Selecting voltage-based pressure sensors
While the bulk of process instrumentation has standardized on 4-20 mA current loops, this approach depends on having 24 Vdc with a few amperes available. Where power is on short supply, pressure sensors that use one of a variety of voltage output options can reduce consumption significantly. While the differences between the various voltages may seem minor, each option offers its own unique features and benefits for specific use cases and different user groups. The key is to match output with available system operating voltage.
Lower-power systems are becoming more common, particularly in wireless environments thanks to lower installation cost features, along with remote device clusters that depend on solar panels and/or lithium batteries. In these situations, the need to conserve power takes on paramount importance. In such systems, voltage availability typically ranges from 7-12 Vdc, with currents in the 2-3 mA range to power the transducer. The only solution here is to use a voltage output approach, such as 0.5-4.5 V ratiometric with 5 Vdc supply, or 1-5 V sensors with 7-12 Vdc systems. Upstream and midstream oil and gas applications are driving this today where power is not freely available in remote areas.
For battery-powered and pulsed systems, the sensor unit is often energized for a short time between sleep periods for monitoring, such as a tank level application. Such systems operate at 3.3 V, so the sensor uses less than 1 mA excitation with 0.5-3 V output. Here, the need to maintain battery life for two years or more is essential.
The next most popular powering approaches are fixed 5 V or unregulated 6-12 V systems. These are typical with lithium and solar cell combinations. For these, sensors use 0.5-4.5 V outputs with maximum current limited to 2 mA or less so that the system can work for many years. This is particularly important in higher northern or southern latitudes where sunlight is limited for several months of the year.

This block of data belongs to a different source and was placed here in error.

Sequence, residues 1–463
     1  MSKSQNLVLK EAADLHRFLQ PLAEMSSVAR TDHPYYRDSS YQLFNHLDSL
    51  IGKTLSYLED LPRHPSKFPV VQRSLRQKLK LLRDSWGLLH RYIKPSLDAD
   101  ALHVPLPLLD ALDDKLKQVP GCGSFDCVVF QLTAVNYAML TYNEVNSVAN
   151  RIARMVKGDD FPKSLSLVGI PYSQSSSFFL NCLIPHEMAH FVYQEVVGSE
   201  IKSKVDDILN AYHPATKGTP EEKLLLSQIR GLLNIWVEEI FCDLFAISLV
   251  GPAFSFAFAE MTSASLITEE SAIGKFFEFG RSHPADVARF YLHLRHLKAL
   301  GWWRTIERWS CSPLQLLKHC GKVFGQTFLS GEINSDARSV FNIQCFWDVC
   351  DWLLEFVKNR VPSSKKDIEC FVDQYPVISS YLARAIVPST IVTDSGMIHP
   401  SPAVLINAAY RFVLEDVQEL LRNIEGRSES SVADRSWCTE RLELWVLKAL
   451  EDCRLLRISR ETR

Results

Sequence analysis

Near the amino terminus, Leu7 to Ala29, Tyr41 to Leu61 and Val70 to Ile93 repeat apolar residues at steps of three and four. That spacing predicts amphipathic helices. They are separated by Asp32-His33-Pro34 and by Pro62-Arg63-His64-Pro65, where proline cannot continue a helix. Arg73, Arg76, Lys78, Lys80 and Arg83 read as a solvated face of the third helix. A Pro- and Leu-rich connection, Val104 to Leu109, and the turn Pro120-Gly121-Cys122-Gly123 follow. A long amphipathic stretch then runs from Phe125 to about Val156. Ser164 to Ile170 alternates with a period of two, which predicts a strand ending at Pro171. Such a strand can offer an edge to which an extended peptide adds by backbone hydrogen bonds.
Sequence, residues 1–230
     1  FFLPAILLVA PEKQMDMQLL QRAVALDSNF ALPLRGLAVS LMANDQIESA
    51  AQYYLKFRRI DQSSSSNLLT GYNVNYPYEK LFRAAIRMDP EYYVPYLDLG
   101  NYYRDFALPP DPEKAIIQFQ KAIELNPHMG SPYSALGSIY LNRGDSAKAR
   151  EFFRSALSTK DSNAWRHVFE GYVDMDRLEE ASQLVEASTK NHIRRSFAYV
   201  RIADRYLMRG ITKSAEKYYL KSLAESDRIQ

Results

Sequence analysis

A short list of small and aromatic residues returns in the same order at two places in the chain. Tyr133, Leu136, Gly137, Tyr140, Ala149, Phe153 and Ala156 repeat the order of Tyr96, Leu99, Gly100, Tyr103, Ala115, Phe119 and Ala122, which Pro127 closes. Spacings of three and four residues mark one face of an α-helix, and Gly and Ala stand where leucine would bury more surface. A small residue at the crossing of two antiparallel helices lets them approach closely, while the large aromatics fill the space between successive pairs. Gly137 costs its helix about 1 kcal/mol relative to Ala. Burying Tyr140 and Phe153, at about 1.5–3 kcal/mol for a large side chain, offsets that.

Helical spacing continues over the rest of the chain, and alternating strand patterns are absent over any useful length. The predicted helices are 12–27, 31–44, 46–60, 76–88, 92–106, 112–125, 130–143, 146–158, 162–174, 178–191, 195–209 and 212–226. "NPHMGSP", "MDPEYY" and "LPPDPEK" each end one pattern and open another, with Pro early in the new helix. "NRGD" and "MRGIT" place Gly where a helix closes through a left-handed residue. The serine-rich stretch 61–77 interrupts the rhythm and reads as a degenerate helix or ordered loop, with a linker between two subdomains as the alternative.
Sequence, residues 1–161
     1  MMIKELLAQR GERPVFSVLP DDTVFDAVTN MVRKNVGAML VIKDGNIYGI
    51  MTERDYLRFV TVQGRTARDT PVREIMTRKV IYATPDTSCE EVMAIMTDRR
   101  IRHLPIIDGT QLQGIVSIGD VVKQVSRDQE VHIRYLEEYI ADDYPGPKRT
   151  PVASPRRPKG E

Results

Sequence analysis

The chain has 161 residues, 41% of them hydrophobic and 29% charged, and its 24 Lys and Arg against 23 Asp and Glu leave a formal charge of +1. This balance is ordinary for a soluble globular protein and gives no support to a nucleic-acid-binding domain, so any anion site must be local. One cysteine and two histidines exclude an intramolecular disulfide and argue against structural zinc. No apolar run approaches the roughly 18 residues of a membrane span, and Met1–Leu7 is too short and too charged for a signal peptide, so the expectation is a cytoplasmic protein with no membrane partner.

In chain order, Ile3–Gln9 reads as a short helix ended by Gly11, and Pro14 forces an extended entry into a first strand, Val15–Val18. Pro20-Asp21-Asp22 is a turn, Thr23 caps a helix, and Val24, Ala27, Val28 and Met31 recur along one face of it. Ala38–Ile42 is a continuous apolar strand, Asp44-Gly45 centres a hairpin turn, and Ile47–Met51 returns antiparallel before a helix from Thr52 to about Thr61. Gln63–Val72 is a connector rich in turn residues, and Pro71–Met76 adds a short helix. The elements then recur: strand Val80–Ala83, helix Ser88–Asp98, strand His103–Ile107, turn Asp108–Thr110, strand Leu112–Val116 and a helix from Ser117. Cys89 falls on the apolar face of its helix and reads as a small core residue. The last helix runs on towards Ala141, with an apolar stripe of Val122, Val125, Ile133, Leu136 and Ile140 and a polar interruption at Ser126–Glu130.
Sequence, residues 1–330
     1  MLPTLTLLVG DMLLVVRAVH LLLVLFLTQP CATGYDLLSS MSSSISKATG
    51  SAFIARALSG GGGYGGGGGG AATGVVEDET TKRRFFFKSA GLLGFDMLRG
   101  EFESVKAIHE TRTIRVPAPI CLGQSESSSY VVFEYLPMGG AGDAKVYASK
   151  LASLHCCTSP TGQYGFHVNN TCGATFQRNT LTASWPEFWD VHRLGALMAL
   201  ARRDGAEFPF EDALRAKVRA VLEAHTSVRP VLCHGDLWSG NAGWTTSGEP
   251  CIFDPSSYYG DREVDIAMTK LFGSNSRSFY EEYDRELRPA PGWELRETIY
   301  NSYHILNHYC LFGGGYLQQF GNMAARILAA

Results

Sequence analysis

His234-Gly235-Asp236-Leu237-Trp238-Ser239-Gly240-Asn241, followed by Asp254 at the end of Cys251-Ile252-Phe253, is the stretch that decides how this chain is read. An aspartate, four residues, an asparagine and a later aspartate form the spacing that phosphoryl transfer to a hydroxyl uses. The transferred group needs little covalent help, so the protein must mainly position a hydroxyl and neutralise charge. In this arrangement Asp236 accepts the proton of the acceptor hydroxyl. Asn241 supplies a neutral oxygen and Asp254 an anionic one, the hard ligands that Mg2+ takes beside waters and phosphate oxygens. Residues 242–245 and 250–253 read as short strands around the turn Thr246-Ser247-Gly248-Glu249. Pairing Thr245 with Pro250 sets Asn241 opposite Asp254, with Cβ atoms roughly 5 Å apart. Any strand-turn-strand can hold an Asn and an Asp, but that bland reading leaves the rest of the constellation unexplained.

Finally, land-based systems with generator power or some other permanent supply run at 8-28 V. These situations allow several options for output signals, including 0-5 V, 1-5 V, 1-6 V, and 0-10 V. Here current consumption is less than 10 mA, so it is well below a 4-20 mA loop. The downside of a voltage loop is the limit on cable length between the transducer and controller such as a plc or computer.
Low level or no signal?
The main disadvantage of any zero-based output signal is that there is no signal with zero pressure. If the transducer has a cut wire, broken sensing element, or electronics that received an over-voltage, the sensor will produce no signal, thus, no way to provide an output. The controller can’t tell if pressure is actually zero or if the unit is simply inoperative.
For example, if used in water pressure measurement, the controller might signal a pump to act when the sensor detects pressure has crossed a threshold. If there is no pressure in the line, the transducer will produce a 0 V signal. Similarly, at fault conditions, the sensor continuously provides a 0 V signal. Since the reading is the same at actual zero pressure and fault conditions, there is no way for the controller to distinguish between the two. In a worst-case scenario, the pump would not know to run and could cause a flooding condition.
As industrial pressure transducers become smarter with advances in electronics and microprocessors, sensors are available with a factory-set fault condition. Transducers can be programmed to rail or send output below the lowest point or above the highest point to indicate to the controller that there is an issue. For example, if a pressure spike in the system causes the sensor diaphragm to break, the output signal on a 1-5 V output signal can be programmed to drop the output below 1 V or above 5 V by about 10%. In a pump application, it can help prevent flooding, the pump from running dry, or extra wear.
Karmjit Sidhu is vice president of business development and Greg Montrose is marketing manager for American Sensor Technologies.
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